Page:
How to Pick Safe, Sustainable Fish at the Grocery Store
Learn how to make the smartest (and most eco-friendly) choices the next time you're at the fish counter.
Fish is definitely high on the list of healthy foods to eat, but shopping for it can be a challenge. Is this one full of mercury? Where did that one come from? Do I need to worry about overfishing? Farm-raised or wild? Here are some resources to help make the safest and most eco-friendly choices the next time you're shopping for fish.
Hook On To Reliable Sources
The Monterey Bay Aquarium’s Seafood Watch program aims to help consumers make seafood choices that keep oceans healthy and their dinner plates safe. They identify sustainable fishing operations, constantly update their data, and offer a user-friendly app to help you when shopping. They also offer many downloadable pocket guides for national as well as regional seafood picks (different seafood is more accessible to different geographical regions); these guides are also available in Spanish.
Seafood Watch has developed an easy to follow, color-coded system that lists seafood options that's caught or raised in a sustainable manor and that are low in mercury and other contaminants. They also have a stand-alone guide just for sustainable sushi. Green is considered “Best Choices” yellow as “Good Alternatives” while red is flagged “Avoid.” Here are some examples from the most current national guide – as you can see, they are very specific.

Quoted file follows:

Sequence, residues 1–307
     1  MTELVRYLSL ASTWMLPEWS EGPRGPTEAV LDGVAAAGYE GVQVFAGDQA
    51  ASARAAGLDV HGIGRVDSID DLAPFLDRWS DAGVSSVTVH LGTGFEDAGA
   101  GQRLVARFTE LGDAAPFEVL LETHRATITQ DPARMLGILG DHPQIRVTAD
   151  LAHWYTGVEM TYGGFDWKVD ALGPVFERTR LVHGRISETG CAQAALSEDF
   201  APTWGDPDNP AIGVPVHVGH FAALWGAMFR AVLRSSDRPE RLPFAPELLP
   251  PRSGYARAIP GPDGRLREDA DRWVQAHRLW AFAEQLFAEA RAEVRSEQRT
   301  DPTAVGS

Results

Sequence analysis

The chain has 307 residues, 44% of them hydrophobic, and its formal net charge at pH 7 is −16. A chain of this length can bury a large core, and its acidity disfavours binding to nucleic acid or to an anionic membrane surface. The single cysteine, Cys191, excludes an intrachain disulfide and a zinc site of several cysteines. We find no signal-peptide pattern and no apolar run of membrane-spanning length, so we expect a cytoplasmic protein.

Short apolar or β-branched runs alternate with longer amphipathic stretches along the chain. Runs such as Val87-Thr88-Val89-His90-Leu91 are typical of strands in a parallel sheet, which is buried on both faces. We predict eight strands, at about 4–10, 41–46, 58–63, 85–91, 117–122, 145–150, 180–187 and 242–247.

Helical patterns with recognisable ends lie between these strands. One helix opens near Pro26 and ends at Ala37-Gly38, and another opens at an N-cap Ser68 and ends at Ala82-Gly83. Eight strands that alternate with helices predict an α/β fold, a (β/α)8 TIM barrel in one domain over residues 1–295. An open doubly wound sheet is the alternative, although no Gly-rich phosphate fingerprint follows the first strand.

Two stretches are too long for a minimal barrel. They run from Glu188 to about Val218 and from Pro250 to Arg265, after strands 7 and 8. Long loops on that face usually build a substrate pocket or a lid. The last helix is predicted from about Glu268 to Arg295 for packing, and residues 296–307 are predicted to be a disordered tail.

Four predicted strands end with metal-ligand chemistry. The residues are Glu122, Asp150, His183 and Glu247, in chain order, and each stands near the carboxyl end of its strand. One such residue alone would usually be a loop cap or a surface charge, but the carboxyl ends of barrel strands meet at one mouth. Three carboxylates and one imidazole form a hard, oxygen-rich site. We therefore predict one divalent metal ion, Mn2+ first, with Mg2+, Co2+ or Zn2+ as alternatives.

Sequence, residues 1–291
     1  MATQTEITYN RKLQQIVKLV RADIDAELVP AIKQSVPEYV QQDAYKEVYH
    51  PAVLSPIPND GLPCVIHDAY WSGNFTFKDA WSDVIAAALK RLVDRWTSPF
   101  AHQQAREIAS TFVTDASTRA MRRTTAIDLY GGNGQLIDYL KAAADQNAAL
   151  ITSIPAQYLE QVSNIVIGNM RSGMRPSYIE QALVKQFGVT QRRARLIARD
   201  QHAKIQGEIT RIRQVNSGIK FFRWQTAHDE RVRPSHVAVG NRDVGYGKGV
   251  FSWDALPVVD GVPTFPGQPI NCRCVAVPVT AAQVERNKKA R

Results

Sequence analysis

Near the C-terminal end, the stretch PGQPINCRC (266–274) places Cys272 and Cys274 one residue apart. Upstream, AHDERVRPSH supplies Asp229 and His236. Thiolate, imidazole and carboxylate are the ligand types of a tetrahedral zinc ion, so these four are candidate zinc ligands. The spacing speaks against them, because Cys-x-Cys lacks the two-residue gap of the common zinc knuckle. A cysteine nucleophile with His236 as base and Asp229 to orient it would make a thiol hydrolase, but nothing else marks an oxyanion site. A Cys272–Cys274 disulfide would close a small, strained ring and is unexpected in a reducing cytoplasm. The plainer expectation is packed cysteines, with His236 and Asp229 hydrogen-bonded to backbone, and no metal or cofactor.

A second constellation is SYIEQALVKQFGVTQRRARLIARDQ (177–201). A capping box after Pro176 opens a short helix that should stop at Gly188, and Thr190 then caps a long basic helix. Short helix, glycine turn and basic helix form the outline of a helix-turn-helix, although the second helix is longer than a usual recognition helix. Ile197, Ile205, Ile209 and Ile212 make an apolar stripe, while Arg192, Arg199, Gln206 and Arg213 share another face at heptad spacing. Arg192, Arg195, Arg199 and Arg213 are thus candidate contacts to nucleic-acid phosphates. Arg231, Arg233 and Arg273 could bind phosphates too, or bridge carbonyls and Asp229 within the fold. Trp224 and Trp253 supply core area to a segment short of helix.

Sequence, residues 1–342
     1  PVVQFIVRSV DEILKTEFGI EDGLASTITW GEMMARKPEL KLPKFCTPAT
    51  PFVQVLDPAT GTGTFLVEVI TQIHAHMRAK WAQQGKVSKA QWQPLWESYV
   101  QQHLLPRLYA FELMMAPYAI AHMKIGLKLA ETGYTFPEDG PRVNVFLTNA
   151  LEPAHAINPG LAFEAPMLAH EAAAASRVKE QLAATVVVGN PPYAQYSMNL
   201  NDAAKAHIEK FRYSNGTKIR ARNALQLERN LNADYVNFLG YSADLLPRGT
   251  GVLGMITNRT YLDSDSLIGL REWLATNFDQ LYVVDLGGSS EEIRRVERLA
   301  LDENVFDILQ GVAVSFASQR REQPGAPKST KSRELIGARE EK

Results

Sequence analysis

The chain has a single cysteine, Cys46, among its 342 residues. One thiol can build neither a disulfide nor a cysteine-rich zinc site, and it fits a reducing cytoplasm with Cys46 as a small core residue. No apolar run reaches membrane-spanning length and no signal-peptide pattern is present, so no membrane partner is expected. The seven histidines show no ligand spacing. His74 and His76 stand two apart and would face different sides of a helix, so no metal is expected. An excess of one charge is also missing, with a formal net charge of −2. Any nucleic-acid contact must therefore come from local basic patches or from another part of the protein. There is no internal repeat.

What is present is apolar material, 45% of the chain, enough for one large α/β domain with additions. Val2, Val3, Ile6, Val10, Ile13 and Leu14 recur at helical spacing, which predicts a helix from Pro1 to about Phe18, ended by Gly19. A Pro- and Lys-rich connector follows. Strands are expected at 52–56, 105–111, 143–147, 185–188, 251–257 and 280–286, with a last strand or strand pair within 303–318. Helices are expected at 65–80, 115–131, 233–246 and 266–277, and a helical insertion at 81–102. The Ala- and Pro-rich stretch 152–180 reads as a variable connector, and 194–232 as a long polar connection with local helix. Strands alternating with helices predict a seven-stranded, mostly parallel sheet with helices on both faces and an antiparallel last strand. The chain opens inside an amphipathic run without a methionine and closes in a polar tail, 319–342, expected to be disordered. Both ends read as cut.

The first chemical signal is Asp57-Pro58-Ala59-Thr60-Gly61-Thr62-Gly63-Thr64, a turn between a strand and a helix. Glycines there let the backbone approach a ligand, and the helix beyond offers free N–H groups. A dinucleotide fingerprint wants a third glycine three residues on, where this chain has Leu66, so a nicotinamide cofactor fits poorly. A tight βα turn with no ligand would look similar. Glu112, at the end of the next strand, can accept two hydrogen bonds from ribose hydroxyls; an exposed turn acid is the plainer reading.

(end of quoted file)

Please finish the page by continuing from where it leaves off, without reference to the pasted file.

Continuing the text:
- Best Choices: Arctic Char (farmed), Bass (US Farmed), Cod (Pacific -AK), Salmon (New Zealand), Tilapia (Canada, Ecuador, Peru + US)
- Good Alternatives: Salmon (CA, OR + WA), Scallops (Sea – wild), Shrimp (Canada + US wild, Ecuador + Honduras farmed), Tuna Albacore (US longlines)
- Avoid: Halibut (Atlantic, wild), Swordfish (imported longlines), Cod (Pacific – Japan + Russia), Tilapia (China)
Read Those Labels
When at the market, check packaging for the country of origin or ask your fishmonger. You can also look for the Marine Stewardship Council (MSC) seal. The MSC certifies sustainable fishing operations throughout the country.
Get Sustainable Seafood Delivered
Today, sustainable seafood can be delivered right to your door. Companies are finding innovative ways to cold ship the sea into your kitchen. Companies like Purefish offer several fish options including salmon, cod, tuna, shrimp and scallops that arrive on your doorstep packaged in ready to cook trays that can to go right into the oven. New York City’s already famous Fulton Fish Market now offers home delivery of all kinds of seafood and the Wild Alaskan Seafood Company offers memberships for monthly seafood deliveries.
Recipes to Try with Sustainable Fish
Dana Angelo White, MS, RD, ATC, is a registered dietitian, certified athletic trainer and owner of Dana White Nutrition, Inc., which specializes in culinary and sports nutrition. She is the author of four cookbooks First Bites: Superfoods for Babies and Toddlers, The Healthy Air Fryer Cookbook, The Healthy Instant Pot Cookbook and Healthy Quick and Easy Smoothies.
*This article was written and/or reviewed by an independent registered dietitian nutritionist.
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